Affiliations: Drs. Gajic and Afessa are affiliated with the Division of Pulmonary and Critical Care Medicine, Department of Internal Medicine, Mayo Clinic College of Medicine.
Correspondence to: Bekele Afessa, MD, FCCP, Division of Pulmonary and Critical Care, Mayo Clinic, 200 First St SW, Rochester MN 55905; e-mail: firstname.lastname@example.org
Financial/nonfinancial disclosures: The authors have reported to the ACCP that no significant conflicts of interest exist with any companies/organizations whose products or services may be discussed in this article.
Reproduction of this article is prohibited without written permission from the American College of Chest Physicians (www.chestjournal.org/site/misc/reprints.xhtml).
© 2009 American College of Chest Physicians
We thank Dijkema and colleagues for their comments regarding our review1 in CHEST (April 2009) about physician staffing models and patient safety in the ICU. They bring up important issues concerning ICU utilization and staffing shortage. They highlight the imbalance between ICU-staffing demand and supply, regional variations in the utilization of ICU resources, and the factors that influence triaging decisions for ICU admission. We agree with their comments.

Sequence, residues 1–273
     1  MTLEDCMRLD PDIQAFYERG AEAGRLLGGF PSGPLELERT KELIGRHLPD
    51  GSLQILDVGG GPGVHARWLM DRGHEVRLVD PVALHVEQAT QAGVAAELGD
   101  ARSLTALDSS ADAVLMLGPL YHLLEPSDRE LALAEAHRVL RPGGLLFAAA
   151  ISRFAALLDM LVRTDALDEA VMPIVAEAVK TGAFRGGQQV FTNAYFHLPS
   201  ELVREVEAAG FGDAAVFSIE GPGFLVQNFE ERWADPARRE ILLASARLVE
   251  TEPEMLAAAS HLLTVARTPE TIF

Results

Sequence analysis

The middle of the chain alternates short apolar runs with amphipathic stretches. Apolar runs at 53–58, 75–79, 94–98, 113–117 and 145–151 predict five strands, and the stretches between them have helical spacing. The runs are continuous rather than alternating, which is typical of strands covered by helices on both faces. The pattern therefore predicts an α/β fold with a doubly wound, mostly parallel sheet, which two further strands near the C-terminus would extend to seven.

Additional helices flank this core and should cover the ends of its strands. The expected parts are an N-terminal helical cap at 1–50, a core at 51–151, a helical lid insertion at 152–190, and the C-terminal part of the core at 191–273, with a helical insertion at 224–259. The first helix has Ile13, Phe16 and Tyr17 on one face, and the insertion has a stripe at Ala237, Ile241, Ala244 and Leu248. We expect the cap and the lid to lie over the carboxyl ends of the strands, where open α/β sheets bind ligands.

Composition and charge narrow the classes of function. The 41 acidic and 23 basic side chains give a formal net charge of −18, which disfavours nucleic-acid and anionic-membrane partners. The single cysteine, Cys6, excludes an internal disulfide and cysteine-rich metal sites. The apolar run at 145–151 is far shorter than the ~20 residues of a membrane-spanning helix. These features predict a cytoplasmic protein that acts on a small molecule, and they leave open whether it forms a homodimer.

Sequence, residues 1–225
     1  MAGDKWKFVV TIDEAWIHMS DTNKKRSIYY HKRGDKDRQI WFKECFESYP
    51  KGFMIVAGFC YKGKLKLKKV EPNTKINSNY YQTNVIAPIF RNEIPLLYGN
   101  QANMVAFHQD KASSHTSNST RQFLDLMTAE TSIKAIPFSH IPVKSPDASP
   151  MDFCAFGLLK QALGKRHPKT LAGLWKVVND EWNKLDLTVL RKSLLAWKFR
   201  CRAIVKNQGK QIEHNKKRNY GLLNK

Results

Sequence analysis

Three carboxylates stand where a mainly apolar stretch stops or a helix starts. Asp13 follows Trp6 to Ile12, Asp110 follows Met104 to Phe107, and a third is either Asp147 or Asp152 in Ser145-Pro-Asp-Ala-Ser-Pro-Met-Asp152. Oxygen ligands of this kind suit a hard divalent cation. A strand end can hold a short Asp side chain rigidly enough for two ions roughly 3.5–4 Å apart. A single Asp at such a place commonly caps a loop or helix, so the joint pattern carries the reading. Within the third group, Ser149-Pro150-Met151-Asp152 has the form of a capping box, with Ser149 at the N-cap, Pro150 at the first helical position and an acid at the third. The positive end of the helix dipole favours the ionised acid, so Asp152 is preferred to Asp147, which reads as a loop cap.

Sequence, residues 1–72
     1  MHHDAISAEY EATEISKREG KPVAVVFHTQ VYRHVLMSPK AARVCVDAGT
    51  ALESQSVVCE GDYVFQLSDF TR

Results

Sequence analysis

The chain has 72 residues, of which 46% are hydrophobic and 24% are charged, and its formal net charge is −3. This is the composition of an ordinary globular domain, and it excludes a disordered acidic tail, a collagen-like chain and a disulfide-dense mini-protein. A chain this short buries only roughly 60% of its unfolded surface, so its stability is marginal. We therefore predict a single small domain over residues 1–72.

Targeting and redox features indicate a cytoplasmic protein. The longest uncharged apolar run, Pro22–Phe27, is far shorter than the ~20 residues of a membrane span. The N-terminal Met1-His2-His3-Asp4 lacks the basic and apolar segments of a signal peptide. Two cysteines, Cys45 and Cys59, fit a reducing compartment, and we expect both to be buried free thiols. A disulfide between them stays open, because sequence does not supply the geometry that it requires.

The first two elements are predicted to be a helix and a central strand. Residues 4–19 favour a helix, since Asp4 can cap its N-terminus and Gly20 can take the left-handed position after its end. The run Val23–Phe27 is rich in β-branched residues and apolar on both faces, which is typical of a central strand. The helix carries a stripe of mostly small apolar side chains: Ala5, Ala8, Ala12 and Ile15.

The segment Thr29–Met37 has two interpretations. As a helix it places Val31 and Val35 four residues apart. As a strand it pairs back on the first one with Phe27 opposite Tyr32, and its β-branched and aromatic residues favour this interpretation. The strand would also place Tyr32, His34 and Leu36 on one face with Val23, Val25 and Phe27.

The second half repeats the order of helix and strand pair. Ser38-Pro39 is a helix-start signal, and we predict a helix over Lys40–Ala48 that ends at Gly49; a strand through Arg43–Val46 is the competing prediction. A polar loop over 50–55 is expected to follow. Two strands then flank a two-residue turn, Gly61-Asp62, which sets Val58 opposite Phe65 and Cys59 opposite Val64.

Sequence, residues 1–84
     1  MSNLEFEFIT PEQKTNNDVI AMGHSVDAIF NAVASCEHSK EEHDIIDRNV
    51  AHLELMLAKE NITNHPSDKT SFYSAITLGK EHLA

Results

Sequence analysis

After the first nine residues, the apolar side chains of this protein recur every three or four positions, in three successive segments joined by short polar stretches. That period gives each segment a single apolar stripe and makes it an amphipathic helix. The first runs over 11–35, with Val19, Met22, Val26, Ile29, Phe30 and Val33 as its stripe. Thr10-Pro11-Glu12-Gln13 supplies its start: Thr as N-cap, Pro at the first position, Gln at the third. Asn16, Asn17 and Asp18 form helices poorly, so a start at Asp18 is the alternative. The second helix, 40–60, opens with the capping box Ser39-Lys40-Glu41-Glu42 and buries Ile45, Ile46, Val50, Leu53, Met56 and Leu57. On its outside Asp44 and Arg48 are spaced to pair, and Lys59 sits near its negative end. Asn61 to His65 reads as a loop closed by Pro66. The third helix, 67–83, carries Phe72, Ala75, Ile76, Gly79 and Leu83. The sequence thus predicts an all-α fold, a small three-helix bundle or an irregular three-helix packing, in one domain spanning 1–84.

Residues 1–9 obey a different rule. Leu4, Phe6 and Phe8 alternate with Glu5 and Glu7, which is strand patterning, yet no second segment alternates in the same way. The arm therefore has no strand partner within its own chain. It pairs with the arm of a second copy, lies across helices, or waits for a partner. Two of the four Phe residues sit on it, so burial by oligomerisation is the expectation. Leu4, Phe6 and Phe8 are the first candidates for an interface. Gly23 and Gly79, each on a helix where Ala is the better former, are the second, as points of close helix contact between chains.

The triage decisions regarding who will or will not benefit from ICU care are difficult to make.2 Although most physicians agree in principle that patients who are too well or too sick to benefit from ICU support should be denied ICU admission, the judgment of clinicians in determining who is sick enough to benefit from ICU admission is far from perfect. Observational studies3,4 have suggested that early intervention in the ICU is of critical importance in patients whose condition is deteriorating on the regular hospital ward. A multinational European, prospective, observational study (“Triage Decision Making for the Elderly in European ICUs” [or ELDICUS]) has just been completed, and we hope it will improve our understanding of triage decisions.
Staffing models that include appropriately trained critical care specialists facilitate decision making in these challenging situations.1 The regionalization of critical care similar to what has been done in trauma care, telemedicine approaches, and widespread training of hospital providers in the fundamentals of critical care support are some of the potential solutions for staffing shortage.
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